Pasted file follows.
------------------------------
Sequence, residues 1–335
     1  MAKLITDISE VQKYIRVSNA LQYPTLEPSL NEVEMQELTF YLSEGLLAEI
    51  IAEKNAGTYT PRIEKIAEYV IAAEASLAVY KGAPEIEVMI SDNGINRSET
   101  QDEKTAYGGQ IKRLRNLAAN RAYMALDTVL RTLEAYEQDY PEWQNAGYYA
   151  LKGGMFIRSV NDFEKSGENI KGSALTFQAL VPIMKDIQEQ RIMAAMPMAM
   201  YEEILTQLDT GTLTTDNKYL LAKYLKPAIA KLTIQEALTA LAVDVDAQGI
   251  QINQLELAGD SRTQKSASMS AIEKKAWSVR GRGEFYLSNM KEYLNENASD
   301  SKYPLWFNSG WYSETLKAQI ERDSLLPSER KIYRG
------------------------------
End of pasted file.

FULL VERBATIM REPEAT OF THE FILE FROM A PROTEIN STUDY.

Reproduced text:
Sequence, residues 1–335
     1  MAKLITDISE VQKYIRVSNA LQYPTLEPSL NEVEMQELTF YLSEGLLAEI
    51  IAEKNAGTYT PRIEKIAEYV IAAEASLAVY KGAPEIEVMI SDNGINRSET
   101  QDEKTAYGGQ IKRLRNLAAN RAYMALDTVL RTLEAYEQDY PEWQNAGYYA
   151  LKGGMFIRSV NDFEKSGENI KGSALTFQAL VPIMKDIQEQ RIMAAMPMAM
   201  YEEILTQLDT GTLTTDNKYL LAKYLKPAIA KLTIQEALTA LAVDVDAQGI
   251  QINQLELAGD SRTQKSASMS AIEKKAWSVR GRGEFYLSNM KEYLNENASD
   301  SKYPLWFNSG WYSETLKAQI ERDSLLPSER KIYRG